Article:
It's kind of hard to imagine a more idiotic idea.
I'm willing to bet that if you drive or walk through any area in and around your home, you will see windows ablaze with candles, trees festooned with lights, inflatable Santas, candy cane decorations attached to light poles, and a massive panoply of other signs that it is Christmastime. I'm certain if you tune to your favorite radio station, you will hear at least a handful of Christmas carols, in every genre of music imaginable. Every store will be swathed in exhortations to come inside and fulfill your holiday shopping list.
So to anyone ringing the klaxon to rouse the troops to do battle for the soul of Christmas, I have two words for you:
I hasten to believe that most people who shriek affirmations about the death of Christmas are simply parrots, squawking out timeworn phrases and a liturgy of offenses toward the holiday which is meant to signify the birth of Jesus Christ. I say signify, because we have no idea when Christ was born. Even our whole means of numbering years is based on the false assumption that would could know exactly what year the Christian Savior was born in.
The holiday, Christmas, is a fabrication, built by the early Roman Catholic Church to coincide with the pagan rituals of the Winter Solstice, to imbue the season with more of God's power. It was a not-so-subtle attempt to nullify the strength of other belief systems, and make it seem like it was God's will all along that there be a celebration at this time of year. As centuries passed and Catholicism spread, the trappings of other belief systems and other societies became enfolded within the aegis of Christmas, leading to the holiday we see today.
Except the holiday we see today is a bastardization of the true spirit and intent of the original holiday. And no, it is not the secular, First Amendment rights waving crowd that has done this, but the ordinary person, by losing contact with the ideas behind Christmas. It is ironic that in 1965, one of the most beloved Christmas TV specials, "A Charlie Brown Christmas," bemoaned the commercialization of the holiday and the loss of focus on its meaning. Almost 50 years later, and the same special rings as true now as it did then.
If there's truly a "War" on Christmas, it is fought by those who use it to their own ends, to settle political scores, to weaken the separation of Church & State, to promote Christianity over any other religious belief system. It is the proselytizers and profiteers who have declared war on the holiday, not those of us who would see each and every one of us celebrate -- or not -- it in their own way. Christmas has become an economic engine, a religious meat-grinder, a political cause célèbre, for those who are less interested in its meaning and more interested in the leverage it can afford them.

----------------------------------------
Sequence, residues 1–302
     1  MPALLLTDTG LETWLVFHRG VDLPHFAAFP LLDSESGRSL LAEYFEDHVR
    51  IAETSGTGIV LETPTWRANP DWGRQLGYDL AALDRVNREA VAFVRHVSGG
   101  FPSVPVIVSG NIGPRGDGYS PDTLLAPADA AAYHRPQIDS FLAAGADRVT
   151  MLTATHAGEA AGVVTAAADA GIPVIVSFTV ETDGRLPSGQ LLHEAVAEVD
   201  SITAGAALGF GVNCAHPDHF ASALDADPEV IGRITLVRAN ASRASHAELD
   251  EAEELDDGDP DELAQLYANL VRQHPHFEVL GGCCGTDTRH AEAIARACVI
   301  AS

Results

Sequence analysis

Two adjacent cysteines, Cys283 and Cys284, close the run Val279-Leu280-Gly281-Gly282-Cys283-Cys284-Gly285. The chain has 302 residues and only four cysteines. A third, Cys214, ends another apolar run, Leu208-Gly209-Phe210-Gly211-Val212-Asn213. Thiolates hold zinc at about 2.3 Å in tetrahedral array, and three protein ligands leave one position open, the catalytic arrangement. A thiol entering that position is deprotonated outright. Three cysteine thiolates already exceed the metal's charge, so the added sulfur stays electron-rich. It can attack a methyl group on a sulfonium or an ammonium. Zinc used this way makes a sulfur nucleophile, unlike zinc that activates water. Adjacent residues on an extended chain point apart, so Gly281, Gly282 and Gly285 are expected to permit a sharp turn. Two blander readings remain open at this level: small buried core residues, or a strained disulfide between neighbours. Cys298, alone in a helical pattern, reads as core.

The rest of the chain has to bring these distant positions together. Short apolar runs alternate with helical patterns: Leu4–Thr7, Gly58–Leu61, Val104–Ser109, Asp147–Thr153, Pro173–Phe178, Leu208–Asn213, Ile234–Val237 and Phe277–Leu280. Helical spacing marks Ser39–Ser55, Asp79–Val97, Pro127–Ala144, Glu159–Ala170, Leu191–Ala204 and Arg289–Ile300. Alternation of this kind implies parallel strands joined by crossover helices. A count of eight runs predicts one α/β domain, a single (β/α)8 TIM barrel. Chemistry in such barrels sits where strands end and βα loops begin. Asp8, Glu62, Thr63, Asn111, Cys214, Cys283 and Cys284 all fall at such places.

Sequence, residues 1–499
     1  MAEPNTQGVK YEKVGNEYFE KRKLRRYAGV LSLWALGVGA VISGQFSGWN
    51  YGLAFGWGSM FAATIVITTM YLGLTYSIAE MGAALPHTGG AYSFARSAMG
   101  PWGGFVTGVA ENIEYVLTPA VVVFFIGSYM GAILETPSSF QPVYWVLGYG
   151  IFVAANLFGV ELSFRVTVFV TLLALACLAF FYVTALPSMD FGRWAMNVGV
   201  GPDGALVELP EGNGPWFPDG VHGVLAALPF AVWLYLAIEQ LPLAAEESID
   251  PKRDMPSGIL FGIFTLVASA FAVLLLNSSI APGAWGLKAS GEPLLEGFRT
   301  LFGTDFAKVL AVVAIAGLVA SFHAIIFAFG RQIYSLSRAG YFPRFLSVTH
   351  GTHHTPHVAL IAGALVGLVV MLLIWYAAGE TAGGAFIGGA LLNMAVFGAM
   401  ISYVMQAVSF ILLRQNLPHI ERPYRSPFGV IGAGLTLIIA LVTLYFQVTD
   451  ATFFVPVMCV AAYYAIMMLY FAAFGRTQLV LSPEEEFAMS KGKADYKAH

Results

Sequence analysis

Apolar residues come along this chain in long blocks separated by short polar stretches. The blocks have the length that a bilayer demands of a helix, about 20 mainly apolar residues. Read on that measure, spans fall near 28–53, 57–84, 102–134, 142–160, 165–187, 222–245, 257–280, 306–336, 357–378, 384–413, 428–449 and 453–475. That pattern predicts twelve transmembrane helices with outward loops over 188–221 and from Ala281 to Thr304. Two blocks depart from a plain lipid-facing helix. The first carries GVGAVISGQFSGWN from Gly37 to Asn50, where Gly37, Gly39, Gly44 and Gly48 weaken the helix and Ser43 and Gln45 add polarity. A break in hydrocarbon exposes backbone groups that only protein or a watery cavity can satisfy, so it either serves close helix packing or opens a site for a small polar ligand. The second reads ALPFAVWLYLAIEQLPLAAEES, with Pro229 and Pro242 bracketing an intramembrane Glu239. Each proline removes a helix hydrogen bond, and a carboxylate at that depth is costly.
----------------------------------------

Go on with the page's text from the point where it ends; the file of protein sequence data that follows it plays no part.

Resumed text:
Nowhere is that more self-evident than with the subset of the season's political propaganda, the "Keep Christ in Christmas" movement, engineered to be the modern version of the bony finger of Dickens' Ghost of Future Yet to Come. This popular screed may be seen on the bumpers of cars in the parking lots of big box retail stores the day after Thanksgiving, as people swarm and surge forward to secure the consumer goods which are the "reason for the season." It is seen in popular media, as we are told that by forbearing Christ on his sacred day we are somehow bad people; right after, we are told that the President, the poor, the Liberals, and the immigrants are responsible for our pitiful lot in life, and they should be shunned and smacked down.
The fact is: Christ is not part of the Christmas we know it now. The Christ born in Bethlehem eschewed wealth, spoke of peace and justice, and most importantly, implored us to help those less fortunate than themselves. While many find Christmas an excuse to perform the charity that they cannot be bothered with the other 364 days a year, the whole lesson of Christ's birth and eventual death is lost to them. They see Christmas and its trappings as meaning, in and of itself, never stepping too far away from the comfort of their preconceived notions. Anyone who does not share their view is branded a traitor.
The other fact of import, which those who holler so maddeningly about the "War" on Christmas often ignore, is that Christmas is only one small facet of Christ's life. Christ should not be confined to Christmas, anymore than to Easter. The idea the young Jewish rabbi promoted was that we must do good work among the people every day, not just when it is convenient or useful. The stories of the New Testament tell us of a man who preached the gospel of love and compassion, and expected his followers not to preach, but to do. There is no better way to honor the birth of Christ, his life, or his death, than to follow in his footsteps, spreading love and charity wherever we go. Christ must not be kept in Christmas, but in our hearts.
So when the phrase "War on Christmas" passes someones lips, assume they are confused, show them compassion, and turn their rhetorical swords into charitable plowshares. If we show them, by example, the true meaning of Christmas, perhaps they will tire of the fight.